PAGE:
MARTIN GARCIA Facundo Damian
capítulos de libros
Reimagining Extractivism: Insights from Spatial Theory
Contested Extractivism, Society and the State Struggles over Mining and Land
Palgrave Macmillan
Lugar: Londres; Año: 2016; p. 33 - 45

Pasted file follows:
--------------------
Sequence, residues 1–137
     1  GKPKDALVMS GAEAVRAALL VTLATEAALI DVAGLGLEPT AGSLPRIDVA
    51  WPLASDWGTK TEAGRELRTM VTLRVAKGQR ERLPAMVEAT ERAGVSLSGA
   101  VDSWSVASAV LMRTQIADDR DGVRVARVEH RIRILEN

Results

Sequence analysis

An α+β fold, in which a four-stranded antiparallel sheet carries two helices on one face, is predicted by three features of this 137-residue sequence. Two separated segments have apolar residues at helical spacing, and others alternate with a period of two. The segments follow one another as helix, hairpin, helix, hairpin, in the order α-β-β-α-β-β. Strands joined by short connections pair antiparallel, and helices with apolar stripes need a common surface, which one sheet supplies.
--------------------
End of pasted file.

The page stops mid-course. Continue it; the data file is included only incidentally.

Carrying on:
The aim of this chapter is twofold: to outline the analytical biases and spatial omissions that the Latin American literature on extractivism presents, and to lay the foundations for a framework that focuses on the significance of spatial categories for political-ecological research on extractivism. I aim to critically contest the ambiguities and misunderstandings of regionally focused explanations, and argue that critical spatial categories enable a comprehensive analysis that strengthens empirical research starting from concrete and place-based struggles. This proposed approach is, on the one hand, embedded in the field of political ecology, understood as a research framework for studying socio-ecological crises focussing on social relations of power and domination (Robbins, 2004; Peet & Watts, 2004; Bridge, 2014). On the other hand, it is based on critical space theory (Lefevbre, 1991; Jessop et al., 2008; Harvey, 2001), which supports ?a non-essentialist concept of space arguing against both the deterministic idea of space as an external ?container? encompassing social processes and against purely constructivist approaches that deny any autonomist materiality of space? (Dietz et al., 2015). In so doing, this contribution seeks to achieve ?a broader and more sophisticated sense of the forms of political contention and [a] deeper conception of what is contended? (Peet & Watts, 2004, p. 6) when it comes to extractivism. The main body of this research was conducted through critical literature review and field research in Argentina and other Latin American countries. I analysed Latin American literature on extractivism as well as academic writings on space and power relations with a specific focus on the resource-state nexus, notably from the fields of resource geography and critical geopolitics. Furthermore, I conducted several weeks of fieldwork between 2013 and 2015 on land-related social struggles in Argentina and other countries in South America (Chile, Brazil, Colombia and Paraguay). Fieldwork consisted of different forms of data collection, such as semi-structured interviews with state, private and local community actors. I also collected data through participant observations on political and social struggles over extractivist projects in Argentina and Brazil.My argument in this chapter is organised in four steps. Firstly, I critically scrutinise Latin American explanations of extractivism, highlighting their strengths, biases and weaknesses; the latter both in terms of facing global industrial dynamics and their socio-spatial implications. Secondly, I briefly present current debates on critical spatial theory to demonstrate that a great deal of the existing literature insufficiently accounts for the spatiality of extractivism. Thirdly, turning to three political and spatial thinkers ? Henri Lefebvre, Michel Foucault and Giorgio Agamben ? I propose the use of critical socio-spatial approaches to explore key concepts, connections and ways of overcoming the lack of critical reflection on the complex spatiality of extractivism. With these theoretical insights, I aim to bring the scholarly imagination back to the task of exploring analytical categories in order to boost empirical research on the spatiality of extractivism. Finally, I summarise the main arguments and discuss why ?space? is crucial for gaining a better understanding of the contentious politics of extractivism.